â˘ He/she must never use politically incorrect language. For instance, never say the government is âcrazyâ if it thinks Newfoundlanders would believe this or that policy announcement. Crazy has been recently declared out of bounds. Soâs âloon.â
â˘ He/she must be able to recognize and exploit motherhood issues; agree, for example, that smoking can only take place after youâve been taken by float plane into a wilderness area and left on your own. Then you can light your fag, but only if there are no caribou, moose or rabbit nearby (always conveniently ignore the fact that Liberal and PC governments have made a fortune over the past 60 years on the cancer sticks).
â˘ Suck up to the media. Avoid editorial meetings with Russell Wangersky and his crowd (they might ask tough questions), and do not go one on one with the likes of John Furlong (he might be too saucy). But never, ever say no to VOCM or NTV.
We canât play favourites in this ad, for obvious reasons. This race has to be wide open and transparent (a word everybody and their dogs seems to be using these days).
But hereâs our take on some of the names being bandied about:
â˘ Dean MacDonald: itâs too early for the coronation, Dean. Talk to Danny about the timing.
â˘ Randy Simms: we like you better in your commentary role, Randy. The journalistic bosses seem oblivious to the conflict of interest. And itâs to our benefit.
â˘ Chuck Furey. Youâre yesterdayâs hero, Chuck. Sit back and enjoy your winnings.
â˘ Brad Cabana. Now, we actually havenât heard his name mentioned. But you know he must be going through ego withdrawal after grabbing that 15 minutes of fame a while back (it was that time when the province held its breath as its saviour descended into what turned out to be puck-you heaven). Cabana thinks heâs Godâs gift to Newfoundland. He left in diapers, and came back decades later to save us. This leadership race needs comic relief.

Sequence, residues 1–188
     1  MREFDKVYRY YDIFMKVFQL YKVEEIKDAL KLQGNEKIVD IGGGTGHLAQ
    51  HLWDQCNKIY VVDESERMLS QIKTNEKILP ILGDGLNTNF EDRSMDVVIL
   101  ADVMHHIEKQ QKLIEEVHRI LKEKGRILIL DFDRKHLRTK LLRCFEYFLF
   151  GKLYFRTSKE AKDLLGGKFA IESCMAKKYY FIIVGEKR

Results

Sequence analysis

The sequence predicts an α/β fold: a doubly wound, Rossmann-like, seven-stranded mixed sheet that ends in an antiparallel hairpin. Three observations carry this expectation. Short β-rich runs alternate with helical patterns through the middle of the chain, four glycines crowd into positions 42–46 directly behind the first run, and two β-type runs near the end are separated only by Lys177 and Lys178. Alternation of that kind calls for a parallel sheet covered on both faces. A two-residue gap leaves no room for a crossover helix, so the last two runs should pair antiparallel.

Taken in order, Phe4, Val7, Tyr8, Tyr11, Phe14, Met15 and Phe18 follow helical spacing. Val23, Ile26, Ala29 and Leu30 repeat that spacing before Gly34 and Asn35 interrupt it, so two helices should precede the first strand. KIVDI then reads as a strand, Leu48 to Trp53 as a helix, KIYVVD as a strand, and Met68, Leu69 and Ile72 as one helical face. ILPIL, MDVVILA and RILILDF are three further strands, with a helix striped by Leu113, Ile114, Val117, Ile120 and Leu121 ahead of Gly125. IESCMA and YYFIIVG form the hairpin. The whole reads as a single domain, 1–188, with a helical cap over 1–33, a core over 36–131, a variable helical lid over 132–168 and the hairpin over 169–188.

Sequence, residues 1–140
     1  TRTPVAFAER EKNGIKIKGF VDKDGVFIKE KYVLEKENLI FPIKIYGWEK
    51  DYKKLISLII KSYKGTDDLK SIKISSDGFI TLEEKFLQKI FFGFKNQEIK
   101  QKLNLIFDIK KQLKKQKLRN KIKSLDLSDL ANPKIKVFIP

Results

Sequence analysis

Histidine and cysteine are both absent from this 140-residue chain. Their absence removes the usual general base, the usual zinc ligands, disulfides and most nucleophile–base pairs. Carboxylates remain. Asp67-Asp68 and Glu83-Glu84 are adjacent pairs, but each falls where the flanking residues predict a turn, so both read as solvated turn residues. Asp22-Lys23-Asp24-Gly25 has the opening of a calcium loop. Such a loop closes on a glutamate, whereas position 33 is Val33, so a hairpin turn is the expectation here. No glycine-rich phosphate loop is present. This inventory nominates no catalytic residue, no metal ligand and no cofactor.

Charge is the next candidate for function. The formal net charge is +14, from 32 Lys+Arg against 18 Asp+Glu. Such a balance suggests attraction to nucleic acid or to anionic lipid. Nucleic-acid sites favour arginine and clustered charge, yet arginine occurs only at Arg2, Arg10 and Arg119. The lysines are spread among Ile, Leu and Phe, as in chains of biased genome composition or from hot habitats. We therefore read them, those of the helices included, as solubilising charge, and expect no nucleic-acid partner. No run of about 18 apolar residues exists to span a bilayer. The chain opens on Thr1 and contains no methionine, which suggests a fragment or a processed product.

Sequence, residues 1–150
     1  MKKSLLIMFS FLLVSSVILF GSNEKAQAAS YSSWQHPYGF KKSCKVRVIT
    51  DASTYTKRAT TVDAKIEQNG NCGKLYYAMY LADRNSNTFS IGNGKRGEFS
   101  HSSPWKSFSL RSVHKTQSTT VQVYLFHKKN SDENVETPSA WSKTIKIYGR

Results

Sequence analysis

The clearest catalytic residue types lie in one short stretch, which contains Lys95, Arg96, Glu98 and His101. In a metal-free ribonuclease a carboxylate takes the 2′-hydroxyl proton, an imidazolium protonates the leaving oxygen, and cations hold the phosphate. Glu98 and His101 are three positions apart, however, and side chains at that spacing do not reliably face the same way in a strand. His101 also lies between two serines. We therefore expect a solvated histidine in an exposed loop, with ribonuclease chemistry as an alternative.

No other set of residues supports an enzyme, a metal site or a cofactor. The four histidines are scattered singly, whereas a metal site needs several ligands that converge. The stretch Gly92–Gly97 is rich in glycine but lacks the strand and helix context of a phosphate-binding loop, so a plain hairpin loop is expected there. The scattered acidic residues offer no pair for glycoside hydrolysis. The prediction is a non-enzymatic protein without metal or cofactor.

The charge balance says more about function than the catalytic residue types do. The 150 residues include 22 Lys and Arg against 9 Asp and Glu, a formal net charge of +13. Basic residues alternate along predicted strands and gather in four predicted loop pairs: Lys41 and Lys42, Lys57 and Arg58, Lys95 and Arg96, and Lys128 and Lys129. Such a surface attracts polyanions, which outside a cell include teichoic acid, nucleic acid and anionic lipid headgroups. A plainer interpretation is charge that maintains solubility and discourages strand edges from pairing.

â˘ Top of the partyâs wish list? Russell Crowe. Heâs everybodyâs âmate.â Weâll waive resident and citizen qualifications. Crowe could campaign in his âGladiatorâ outfit and suffer the slings and arrows of Newfoundland politics. If not Russell, then perhaps his buddy, Alan Doyle, might have an interest. Of course, Doyle speaks in a most unpretentious manner â whatever is inside that skull is coming out, unfiltered â and that wouldnât make him a very successful politician. Or maybe the other musketeer of last week, Allan Hawco, has a hankering for our job, although heâd be hard-pressed to take potshots at the government, having gotten some sizeable grants for his âRepublic of Doyleâ show.
Some final points: this job is wide open to any and all peoples, without prejudice â men, women, heterosexuals, homosexuals, bisexuals, make-believe Newfs, professional Newfs, mainlanders, Yanks, Newfs with a John Efford accent, Newfs with a John Murphy accent, aboriginals and wannabe aboriginals.
And, of course, masochists.
Bob Wakeham has spent more than 30 years as a journalist in Newfoundland and Labrador. He can be reached by email at firstname.lastname@example.org.